The electoral college is outdated. There isnt any good reason why it should be used instead of the popular vote.

    Truthfully there is no good reason why open and transparent voting shouldnt be in place.

    I agree somewhat (I think that he current system should at least be modified but not completely abolished like some have said), but I still think that some of you aren't recognizing the pros that an electoral college has, like reinforcing state representation and unity. Smaller states with smaller populations especially would be at a disadvantage without the electoral college. Washington D.C. residents might be completely irrelevant without the electoral college.

    And without the electoral college, Obama had a much greater chance of losing the election. Almost 50% of the country voted for Romney. I'm guessing that this might change the opinion of many who are anti-electoral college but pro-Obama, and aren't most of us pro-Obama?
  • AmotekunAmotekun Posts: 7,820
    The heart of the matter is that voting period is a diluted power. Voter fraud the biggest issue but the other issue is one of agency.

    Because voting is a secret process and isnt transparent it can't be said that this government derives its authority from the consent of the people.

    It's supposed to be a government for the people by the people, what politician can point to any one individual and say that man voted for me or these group of people voted for me; it is through them that I derive my power to act in such and such capacity as a representative of the government?

    No official in office can say that. Because of that what we get is this supposedly representative government that is supposed to see to the needs of the people, but instead its a body of officials that see to the needs of its largest donors. Not one person, constituent or party affiliate can go to that official and say you did not hold up your oath por que the people have no way to prove their vote outside of they cast a ballot.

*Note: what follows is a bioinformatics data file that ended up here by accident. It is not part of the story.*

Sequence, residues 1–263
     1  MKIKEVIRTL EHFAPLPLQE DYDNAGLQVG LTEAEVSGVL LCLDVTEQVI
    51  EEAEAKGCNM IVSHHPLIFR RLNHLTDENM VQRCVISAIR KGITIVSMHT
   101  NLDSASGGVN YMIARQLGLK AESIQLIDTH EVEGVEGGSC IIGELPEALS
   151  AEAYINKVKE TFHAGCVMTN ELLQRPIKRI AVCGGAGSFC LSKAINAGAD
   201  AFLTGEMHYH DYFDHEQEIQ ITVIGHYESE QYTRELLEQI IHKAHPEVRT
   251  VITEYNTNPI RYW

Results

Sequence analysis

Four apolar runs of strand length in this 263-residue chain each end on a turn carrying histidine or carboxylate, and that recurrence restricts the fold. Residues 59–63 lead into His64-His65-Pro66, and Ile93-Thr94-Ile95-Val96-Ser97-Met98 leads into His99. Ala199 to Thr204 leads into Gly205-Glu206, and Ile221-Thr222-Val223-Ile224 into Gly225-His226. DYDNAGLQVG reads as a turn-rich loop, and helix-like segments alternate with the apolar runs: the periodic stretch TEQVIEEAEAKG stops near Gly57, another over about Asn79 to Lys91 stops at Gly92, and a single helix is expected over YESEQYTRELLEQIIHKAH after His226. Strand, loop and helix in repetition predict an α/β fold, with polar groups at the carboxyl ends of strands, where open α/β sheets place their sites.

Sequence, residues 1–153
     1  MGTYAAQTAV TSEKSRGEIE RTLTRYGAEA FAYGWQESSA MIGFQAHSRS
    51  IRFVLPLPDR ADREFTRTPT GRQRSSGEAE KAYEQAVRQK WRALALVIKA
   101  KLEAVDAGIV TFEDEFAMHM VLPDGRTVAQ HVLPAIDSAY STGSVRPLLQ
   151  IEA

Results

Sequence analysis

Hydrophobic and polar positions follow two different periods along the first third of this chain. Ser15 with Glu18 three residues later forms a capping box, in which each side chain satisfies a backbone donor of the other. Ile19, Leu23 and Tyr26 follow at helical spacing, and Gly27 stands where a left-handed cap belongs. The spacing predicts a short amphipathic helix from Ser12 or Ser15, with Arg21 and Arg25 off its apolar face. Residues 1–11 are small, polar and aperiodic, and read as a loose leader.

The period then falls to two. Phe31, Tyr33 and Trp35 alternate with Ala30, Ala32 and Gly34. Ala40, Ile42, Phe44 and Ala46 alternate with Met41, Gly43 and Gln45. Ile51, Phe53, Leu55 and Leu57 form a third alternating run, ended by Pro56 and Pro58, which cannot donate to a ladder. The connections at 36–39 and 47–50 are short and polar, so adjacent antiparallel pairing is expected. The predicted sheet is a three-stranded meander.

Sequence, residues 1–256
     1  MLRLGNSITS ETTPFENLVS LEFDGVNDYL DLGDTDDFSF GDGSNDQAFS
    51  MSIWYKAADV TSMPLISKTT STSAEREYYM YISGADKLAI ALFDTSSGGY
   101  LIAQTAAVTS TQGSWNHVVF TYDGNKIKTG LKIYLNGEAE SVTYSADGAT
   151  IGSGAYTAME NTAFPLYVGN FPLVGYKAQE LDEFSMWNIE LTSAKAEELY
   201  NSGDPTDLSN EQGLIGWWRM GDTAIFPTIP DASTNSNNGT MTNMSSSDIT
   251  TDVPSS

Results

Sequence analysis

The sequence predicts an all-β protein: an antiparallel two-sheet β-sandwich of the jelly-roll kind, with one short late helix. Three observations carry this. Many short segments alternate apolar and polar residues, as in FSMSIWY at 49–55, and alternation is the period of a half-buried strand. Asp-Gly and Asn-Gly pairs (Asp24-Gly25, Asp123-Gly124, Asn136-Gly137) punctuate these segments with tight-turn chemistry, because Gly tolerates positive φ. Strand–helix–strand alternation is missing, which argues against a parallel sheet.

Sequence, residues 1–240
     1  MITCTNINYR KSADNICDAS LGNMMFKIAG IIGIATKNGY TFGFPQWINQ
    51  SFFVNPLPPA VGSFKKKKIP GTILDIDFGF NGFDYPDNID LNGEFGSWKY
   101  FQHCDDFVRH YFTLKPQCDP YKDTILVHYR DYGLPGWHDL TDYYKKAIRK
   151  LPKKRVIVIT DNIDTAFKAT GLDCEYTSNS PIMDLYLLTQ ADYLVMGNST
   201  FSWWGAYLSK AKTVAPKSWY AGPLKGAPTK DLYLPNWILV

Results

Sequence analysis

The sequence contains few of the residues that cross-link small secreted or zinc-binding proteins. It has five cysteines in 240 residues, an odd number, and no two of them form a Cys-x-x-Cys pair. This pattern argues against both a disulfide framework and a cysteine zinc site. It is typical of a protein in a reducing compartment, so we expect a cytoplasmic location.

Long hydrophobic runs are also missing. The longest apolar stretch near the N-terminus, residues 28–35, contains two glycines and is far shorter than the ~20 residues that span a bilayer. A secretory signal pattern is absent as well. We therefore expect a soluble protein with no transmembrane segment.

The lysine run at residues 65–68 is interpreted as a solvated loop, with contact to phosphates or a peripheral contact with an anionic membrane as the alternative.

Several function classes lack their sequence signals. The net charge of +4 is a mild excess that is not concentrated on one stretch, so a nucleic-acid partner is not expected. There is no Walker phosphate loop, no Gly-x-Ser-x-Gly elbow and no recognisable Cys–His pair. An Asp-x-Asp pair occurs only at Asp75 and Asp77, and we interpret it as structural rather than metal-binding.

~Thoughts emanating from Constitution of No Authority by Lysander Cooper
  • hueyhuey Posts: 9,108
    i would say yes, but then you have to deal with how powerful media is and their influence on potential voters...fuck it, abolish it
  • @Janklow thanks for informing.... this argument changes every four years based on who is elected
  • jonojono Posts: 14,648
    I believe it must be uniform. The electoral college as it stands right now can be gimmicked to give a certain amount of votes to the winner and a certain amount to the loser, it complicates matters a lot.

    If your going to split votes, then everyone should (of course this is problematic for states with few electoral votes). If your going to do winner take all...then everyone should (which is what I personally would prefer).

    When it comes to National elections the Federal government needs to be more uniform period. Not just with the electoral college, but whether to use voting machines or paper ballots, mandating that ALL votes are counted, the type of identification necessary etc. States shouldn't have the ability to gimmick elections to help one candidate over the other.

    I know that takes a lot of the fun out of election season lol.